Organisations have a formal structure which is the way that the organisation is organised by those with responsibility for managing the organisation. They create the formal structures that enable the organisation to meet its stated objectives. Often these formal structures will be set out on paper in the form of organisational charts.
However, in the course of time an informal structure develops in most organisations which is based on the reality of day-to-day interactions between the members of the organisation. This informal structure may be different from that which is set out on paper.
Informal structures develop because:
- people find new ways of doing things which they find easier and save them time
- patterns of interaction are shaped by friendship groups and other relationships
- people forget what the formal structures are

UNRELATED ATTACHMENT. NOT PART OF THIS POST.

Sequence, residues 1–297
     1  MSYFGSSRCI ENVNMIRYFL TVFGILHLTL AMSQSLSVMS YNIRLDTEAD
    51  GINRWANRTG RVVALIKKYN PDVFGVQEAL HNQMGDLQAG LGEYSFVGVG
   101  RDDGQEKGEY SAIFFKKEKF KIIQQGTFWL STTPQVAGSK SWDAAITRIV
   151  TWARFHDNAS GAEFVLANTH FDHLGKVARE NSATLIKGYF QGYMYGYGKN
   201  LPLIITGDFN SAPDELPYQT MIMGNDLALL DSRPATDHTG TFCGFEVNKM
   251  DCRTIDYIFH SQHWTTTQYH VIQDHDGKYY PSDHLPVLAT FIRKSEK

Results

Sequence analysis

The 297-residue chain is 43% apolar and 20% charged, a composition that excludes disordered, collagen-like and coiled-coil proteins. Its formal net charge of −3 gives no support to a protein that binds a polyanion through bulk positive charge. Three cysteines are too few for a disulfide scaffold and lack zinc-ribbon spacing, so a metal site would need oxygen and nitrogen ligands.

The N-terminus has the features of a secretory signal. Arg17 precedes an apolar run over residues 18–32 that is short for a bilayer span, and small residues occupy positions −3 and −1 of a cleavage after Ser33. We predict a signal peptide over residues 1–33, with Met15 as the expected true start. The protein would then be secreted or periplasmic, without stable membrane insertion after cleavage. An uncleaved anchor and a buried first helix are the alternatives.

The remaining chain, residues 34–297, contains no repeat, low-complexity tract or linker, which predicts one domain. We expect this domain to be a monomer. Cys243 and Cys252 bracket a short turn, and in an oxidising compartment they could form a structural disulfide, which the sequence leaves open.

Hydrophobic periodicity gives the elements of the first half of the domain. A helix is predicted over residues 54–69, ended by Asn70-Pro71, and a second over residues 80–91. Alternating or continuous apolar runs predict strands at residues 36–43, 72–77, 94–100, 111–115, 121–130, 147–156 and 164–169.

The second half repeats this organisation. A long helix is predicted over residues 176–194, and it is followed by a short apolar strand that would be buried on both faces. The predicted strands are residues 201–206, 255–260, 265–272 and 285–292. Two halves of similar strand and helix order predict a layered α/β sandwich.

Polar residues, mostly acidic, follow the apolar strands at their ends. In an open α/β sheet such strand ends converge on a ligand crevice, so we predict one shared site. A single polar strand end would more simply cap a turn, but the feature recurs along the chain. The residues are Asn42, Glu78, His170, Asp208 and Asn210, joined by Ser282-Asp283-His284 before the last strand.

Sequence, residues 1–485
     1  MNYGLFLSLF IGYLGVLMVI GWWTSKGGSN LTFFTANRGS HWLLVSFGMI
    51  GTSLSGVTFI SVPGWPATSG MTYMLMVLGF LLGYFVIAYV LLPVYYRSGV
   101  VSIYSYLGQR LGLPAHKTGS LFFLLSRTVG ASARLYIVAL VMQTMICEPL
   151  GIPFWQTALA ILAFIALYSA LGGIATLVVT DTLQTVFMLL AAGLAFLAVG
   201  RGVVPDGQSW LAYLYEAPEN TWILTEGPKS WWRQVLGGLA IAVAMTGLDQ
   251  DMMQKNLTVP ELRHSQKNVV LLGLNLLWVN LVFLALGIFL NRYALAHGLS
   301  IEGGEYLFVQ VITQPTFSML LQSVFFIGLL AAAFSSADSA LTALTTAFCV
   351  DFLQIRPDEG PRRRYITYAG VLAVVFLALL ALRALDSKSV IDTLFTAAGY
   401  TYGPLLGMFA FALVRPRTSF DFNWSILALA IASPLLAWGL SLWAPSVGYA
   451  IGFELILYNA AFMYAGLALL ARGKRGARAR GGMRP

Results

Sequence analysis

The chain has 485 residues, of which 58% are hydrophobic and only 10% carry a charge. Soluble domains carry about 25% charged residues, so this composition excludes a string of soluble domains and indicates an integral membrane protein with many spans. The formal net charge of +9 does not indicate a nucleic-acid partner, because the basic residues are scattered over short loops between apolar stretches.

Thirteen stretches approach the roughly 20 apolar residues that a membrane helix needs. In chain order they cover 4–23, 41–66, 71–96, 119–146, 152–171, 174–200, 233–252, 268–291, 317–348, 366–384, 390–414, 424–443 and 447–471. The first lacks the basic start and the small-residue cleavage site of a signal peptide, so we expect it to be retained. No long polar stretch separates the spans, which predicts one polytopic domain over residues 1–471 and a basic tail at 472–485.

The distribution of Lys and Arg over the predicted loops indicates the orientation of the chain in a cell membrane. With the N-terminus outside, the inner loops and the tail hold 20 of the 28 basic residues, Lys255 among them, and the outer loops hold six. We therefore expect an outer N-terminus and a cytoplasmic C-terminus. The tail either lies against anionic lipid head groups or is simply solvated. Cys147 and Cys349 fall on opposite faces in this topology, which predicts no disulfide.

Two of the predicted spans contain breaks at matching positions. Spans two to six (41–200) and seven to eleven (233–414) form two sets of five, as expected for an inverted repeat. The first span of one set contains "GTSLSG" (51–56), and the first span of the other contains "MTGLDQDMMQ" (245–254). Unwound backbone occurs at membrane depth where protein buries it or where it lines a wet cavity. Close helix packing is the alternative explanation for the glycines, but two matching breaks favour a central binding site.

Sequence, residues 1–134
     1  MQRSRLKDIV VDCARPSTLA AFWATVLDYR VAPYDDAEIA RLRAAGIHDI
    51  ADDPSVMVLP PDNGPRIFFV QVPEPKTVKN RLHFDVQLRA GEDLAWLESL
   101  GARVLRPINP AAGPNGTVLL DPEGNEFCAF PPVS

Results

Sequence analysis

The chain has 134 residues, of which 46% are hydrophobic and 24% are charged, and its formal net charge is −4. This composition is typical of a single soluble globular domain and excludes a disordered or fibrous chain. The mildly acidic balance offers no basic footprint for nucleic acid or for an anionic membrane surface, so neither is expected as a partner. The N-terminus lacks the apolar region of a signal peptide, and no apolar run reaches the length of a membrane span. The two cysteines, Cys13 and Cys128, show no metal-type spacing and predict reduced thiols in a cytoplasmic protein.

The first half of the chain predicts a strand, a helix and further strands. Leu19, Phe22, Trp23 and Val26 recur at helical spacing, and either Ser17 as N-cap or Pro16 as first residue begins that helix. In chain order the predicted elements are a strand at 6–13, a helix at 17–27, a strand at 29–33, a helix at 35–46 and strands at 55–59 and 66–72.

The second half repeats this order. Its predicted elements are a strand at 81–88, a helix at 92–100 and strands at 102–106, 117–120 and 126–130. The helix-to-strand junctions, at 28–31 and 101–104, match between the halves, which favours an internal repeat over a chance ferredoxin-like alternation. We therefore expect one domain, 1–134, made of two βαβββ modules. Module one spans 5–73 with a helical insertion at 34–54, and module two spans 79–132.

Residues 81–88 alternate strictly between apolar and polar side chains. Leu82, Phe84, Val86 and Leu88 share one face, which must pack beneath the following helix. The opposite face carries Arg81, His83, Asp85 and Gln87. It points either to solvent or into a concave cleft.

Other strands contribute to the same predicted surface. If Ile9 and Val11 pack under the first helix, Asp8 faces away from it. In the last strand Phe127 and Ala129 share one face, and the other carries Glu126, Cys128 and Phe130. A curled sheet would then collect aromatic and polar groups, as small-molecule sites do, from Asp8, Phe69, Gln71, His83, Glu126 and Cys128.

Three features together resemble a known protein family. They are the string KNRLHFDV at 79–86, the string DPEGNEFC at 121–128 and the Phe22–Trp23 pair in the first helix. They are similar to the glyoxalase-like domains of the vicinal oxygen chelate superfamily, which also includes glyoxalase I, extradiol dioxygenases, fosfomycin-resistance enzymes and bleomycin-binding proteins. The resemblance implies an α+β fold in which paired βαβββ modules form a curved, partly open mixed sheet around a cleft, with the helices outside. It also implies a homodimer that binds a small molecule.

- it is easier to work with informal structures.
Sometimes the informal structure may conflict with the formal one. Where this is the case the organisation may become less efficient at meeting its stated objectives. However, in some cases the informal structure may prove to be more efficient at meeting organisational objectives because the formal structure was badly set out.
Managers need to learn to work with both formal and informal structures. A flexible manager will realise that elements of the informal structure can be formalised i.e. by adapting the formal structure to incorporate improvements which result from the day-to-day working of the informal structure.
All of the organisations that appear in the Times 100 will have some form of formal structure which is usually set out in organisation charts (for example see the Coca-Cola structures in ). However, these organisations also benefit from informal structures based on friendship groups. When managers nurture these informal groups and mould them into the formal structure this can lead to high levels of motivation for the staff involved.